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Governor Polis visits Springs locations to sign new laws

In World
May 20, 2024

(COLORADO SPRINGS) — Governor Jared Polis visited multiple Colorado Springs locations on Saturday, May 18, to sign five bills sponsored by local lawmakers into law.

Polis started at Mitchell High School, where he signed three bills pertaining to education. The first bill, HB24-1282, the Ninth-Grade Success Grant and Performance Reporting, aims to increase the success rates of ninth-grade students in public high schools in Colorado.

“This bill will help more students access the support and resources they need to succeed in high school and beyond,” said Governor Polis. “With this bill, Colorado continues investing in our students and educators and I thank the bipartisan sponsors for their work on this bill.”

The second bill, SB24-164, requires more transparency from institutions of higher education, giving students the right to have more upfront information about total costs, seamless transfers of course credits, timely responses on whether credits will transfer, the right to appeal if credit transfers are rejected, and the right to know what work-related experiences are awarded credit at the institution where the student is enrolled.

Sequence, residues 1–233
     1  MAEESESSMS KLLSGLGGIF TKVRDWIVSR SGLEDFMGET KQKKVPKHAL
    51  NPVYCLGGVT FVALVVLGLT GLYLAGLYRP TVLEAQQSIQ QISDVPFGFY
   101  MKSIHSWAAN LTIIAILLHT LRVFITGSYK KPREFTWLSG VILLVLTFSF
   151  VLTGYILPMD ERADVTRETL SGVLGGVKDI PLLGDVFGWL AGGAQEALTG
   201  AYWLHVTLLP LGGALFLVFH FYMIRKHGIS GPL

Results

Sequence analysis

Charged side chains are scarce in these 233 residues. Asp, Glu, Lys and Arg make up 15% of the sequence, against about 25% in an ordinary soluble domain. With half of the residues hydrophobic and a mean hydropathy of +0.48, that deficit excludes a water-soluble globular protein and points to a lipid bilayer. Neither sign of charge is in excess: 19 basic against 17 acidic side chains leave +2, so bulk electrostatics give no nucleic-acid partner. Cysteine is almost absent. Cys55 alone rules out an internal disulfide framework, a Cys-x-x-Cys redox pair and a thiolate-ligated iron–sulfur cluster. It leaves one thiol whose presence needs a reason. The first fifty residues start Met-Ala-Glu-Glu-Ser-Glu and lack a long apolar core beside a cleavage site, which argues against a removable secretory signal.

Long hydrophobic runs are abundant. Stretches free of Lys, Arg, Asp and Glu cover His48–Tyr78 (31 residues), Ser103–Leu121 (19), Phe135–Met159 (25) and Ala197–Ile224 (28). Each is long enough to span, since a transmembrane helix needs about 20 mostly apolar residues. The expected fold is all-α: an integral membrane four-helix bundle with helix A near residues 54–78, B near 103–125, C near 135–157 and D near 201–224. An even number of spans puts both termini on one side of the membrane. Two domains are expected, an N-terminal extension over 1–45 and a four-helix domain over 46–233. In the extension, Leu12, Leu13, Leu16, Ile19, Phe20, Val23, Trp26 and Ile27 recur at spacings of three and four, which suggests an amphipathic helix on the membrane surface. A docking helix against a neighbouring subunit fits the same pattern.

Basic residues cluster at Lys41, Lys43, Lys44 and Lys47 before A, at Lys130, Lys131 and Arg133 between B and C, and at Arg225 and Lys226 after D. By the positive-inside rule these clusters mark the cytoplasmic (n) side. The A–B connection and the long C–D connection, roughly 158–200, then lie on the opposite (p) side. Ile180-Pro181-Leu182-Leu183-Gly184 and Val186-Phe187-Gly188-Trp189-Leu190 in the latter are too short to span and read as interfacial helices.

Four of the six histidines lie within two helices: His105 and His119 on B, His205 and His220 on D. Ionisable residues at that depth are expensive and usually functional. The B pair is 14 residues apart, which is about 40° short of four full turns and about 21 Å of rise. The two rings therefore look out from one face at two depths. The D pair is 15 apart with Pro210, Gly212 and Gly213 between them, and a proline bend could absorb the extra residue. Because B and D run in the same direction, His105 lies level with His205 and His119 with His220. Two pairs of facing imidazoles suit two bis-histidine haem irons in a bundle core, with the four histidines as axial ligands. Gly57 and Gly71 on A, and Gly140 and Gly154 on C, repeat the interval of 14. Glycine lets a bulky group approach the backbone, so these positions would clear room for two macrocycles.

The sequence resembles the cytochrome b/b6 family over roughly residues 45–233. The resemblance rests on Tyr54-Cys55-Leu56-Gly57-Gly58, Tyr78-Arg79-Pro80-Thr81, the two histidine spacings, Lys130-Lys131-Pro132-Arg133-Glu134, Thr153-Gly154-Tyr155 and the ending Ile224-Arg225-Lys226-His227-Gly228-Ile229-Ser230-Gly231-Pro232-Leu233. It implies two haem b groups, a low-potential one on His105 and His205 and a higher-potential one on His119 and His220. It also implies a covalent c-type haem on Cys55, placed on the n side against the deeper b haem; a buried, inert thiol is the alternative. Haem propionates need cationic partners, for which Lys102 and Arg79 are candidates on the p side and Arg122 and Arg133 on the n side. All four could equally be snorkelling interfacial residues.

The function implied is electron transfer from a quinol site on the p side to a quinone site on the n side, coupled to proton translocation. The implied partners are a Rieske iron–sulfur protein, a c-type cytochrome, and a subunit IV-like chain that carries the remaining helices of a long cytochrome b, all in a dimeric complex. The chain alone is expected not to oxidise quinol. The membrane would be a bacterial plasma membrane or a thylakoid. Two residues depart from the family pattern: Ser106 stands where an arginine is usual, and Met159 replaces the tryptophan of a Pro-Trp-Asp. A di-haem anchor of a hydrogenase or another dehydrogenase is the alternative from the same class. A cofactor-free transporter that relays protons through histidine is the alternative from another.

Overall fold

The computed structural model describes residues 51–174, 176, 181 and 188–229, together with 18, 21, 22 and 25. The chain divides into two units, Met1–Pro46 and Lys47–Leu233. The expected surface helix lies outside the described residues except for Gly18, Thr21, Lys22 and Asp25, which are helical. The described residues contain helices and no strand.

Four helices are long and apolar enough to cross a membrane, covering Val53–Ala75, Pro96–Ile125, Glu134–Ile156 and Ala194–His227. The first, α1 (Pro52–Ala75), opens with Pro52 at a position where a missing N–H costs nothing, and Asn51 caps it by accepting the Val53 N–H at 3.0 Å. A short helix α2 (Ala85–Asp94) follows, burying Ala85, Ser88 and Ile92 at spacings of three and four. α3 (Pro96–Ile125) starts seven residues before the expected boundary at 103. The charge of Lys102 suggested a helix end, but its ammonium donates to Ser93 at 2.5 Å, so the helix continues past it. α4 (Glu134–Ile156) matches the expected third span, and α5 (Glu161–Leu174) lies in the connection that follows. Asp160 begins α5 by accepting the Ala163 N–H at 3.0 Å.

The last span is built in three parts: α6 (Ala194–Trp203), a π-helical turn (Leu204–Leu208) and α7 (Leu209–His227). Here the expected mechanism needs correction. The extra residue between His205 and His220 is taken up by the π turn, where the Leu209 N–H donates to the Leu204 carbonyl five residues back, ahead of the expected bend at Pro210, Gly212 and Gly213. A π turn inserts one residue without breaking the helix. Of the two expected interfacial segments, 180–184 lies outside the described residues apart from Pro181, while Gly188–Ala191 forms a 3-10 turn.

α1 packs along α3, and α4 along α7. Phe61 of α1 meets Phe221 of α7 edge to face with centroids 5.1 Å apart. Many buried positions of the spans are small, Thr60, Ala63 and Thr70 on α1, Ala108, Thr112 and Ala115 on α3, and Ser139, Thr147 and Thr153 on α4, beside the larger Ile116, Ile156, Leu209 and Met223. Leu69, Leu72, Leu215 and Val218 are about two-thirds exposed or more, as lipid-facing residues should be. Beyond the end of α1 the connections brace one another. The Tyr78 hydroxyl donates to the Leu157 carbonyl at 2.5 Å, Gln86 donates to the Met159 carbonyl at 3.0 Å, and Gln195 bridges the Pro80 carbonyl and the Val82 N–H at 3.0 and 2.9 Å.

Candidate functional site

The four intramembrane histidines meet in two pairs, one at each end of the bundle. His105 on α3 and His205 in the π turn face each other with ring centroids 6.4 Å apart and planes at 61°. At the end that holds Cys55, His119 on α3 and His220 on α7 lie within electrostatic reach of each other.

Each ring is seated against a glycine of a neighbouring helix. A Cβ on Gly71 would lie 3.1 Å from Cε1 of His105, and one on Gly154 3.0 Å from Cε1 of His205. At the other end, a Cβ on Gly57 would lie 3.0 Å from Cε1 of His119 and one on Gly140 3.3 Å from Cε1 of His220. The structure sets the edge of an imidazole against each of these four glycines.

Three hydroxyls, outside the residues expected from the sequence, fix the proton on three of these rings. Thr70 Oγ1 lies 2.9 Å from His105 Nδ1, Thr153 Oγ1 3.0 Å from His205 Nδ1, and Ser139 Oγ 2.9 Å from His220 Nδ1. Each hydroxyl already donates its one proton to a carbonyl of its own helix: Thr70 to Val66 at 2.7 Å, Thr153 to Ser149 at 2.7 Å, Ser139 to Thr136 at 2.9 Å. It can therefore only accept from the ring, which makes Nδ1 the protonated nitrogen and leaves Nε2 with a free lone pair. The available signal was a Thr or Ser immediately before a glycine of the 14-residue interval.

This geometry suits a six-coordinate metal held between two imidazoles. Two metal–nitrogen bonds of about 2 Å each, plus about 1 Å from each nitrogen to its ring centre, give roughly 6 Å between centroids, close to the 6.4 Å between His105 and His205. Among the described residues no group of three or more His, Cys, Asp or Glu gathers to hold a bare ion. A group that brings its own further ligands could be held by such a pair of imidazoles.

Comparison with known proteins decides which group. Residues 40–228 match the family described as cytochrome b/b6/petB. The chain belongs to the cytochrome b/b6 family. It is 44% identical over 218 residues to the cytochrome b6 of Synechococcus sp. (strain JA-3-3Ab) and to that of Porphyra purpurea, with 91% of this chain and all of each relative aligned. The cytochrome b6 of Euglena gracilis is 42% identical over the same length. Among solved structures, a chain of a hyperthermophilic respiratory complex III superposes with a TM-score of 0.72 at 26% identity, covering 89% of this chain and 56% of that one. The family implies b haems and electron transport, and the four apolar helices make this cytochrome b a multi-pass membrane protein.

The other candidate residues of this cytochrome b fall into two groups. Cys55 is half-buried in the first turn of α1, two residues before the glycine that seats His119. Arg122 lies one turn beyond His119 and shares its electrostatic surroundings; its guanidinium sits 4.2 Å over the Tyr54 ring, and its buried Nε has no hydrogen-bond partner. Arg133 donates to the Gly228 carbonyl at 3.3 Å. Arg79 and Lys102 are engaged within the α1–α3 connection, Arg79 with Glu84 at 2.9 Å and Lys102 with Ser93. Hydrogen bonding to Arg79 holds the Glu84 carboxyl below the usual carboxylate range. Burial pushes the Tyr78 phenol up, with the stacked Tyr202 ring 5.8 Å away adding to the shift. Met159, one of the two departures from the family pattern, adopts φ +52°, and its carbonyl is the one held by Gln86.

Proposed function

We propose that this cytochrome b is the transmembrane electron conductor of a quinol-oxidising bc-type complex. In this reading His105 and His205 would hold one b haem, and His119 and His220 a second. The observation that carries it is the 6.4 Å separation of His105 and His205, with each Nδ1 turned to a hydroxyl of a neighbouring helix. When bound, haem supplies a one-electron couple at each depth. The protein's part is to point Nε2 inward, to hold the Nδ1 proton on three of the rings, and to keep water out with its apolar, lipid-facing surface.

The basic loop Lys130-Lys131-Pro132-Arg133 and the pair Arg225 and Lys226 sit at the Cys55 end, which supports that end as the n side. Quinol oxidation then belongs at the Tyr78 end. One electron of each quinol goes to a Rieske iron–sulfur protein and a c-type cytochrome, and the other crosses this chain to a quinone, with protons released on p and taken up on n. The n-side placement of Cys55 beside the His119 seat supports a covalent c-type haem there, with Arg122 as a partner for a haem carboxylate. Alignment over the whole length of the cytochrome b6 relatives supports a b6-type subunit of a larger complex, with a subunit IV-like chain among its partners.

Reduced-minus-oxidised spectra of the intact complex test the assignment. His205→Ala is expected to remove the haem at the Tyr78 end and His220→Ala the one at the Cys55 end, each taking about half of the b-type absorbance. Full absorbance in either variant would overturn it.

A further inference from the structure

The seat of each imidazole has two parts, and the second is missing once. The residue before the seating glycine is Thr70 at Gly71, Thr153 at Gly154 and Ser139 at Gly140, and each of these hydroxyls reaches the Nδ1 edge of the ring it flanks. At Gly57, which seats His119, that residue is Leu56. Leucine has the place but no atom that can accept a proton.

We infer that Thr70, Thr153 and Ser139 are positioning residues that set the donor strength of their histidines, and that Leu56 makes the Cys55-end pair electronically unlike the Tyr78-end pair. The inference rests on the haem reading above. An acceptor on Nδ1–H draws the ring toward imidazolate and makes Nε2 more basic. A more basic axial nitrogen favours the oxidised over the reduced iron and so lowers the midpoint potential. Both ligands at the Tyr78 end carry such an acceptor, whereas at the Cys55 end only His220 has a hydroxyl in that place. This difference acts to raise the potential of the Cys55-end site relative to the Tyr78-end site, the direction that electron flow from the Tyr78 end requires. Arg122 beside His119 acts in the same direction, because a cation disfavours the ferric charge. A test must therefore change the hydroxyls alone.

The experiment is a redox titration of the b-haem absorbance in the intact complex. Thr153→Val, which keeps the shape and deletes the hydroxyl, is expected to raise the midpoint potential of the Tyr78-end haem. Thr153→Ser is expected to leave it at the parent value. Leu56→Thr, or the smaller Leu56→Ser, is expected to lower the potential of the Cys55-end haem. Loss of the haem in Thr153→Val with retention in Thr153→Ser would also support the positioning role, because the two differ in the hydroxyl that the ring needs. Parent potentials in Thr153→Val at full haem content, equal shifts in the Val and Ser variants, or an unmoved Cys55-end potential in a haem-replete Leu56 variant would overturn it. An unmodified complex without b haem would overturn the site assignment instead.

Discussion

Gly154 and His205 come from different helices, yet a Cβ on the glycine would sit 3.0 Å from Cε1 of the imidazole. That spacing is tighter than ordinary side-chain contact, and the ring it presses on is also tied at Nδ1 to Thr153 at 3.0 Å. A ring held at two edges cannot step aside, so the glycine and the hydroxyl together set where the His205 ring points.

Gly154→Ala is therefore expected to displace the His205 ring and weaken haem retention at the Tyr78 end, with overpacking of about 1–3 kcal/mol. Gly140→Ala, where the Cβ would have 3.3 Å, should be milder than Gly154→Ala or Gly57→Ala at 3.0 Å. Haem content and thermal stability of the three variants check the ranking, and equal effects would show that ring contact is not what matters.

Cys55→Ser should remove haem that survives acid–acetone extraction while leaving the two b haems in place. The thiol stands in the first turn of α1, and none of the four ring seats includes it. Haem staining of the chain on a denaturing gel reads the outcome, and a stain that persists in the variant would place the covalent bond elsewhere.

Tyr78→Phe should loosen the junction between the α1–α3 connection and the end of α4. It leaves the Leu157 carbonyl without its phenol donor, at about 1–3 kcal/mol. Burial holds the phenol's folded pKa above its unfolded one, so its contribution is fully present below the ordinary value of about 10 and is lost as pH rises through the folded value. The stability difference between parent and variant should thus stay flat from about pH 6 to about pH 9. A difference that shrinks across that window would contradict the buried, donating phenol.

The Purple Star School Program, HB24-1076, was the third education-related bill Governor Polis signed at Mitchell. This bill creates a program to support schools in mitigating the academic and social-emotional challenges faced by students from military families due to frequent moves, new schools, parental deployments, and different social circles and experiences.

Polis then went to OCC Brewing at 2316 West Colorado Avenue, where he signed SB24-231, a bill that adjusts several aspects of liquor laws, giving more flexibility to manufacturers, retailers, and venues in terms of purchasing limits, licensing options, marketing, and other factors.

The last stop Polis made on his Colorado Springs tour was Colorado Early Colleges at 4405 North Chestnut Street, where he signed HB24-1154. This bill allows school districts to decide whether to take on debt for charter school facilities and construction costs and makes it necessary to get district voter approval. It also allows the school district to take first priority in recovering debts if the school becomes insolvent or closes, among other considerations.

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